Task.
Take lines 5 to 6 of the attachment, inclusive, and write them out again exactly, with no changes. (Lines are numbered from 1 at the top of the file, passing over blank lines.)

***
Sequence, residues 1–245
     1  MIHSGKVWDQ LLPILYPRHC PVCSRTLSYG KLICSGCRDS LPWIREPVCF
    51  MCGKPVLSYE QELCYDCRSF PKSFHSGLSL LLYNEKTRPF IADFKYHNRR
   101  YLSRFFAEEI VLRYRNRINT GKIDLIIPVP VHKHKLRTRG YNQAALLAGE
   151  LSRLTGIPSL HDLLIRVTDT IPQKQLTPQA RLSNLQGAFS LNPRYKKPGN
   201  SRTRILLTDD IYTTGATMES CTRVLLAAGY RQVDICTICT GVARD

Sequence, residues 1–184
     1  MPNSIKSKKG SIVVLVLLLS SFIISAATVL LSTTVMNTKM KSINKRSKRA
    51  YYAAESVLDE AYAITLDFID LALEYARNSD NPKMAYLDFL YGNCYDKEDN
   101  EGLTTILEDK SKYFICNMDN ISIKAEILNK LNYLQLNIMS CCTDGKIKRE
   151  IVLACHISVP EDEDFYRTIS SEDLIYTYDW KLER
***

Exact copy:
   151  LSRLTGIPSL HDLLIRVTDT IPQKQLTPQA RLSNLQGAFS LNPRYKKPGN
   201  SRTRILLTDD IYTTGATMES CTRVLLAAGY RQVDICTICT GVARD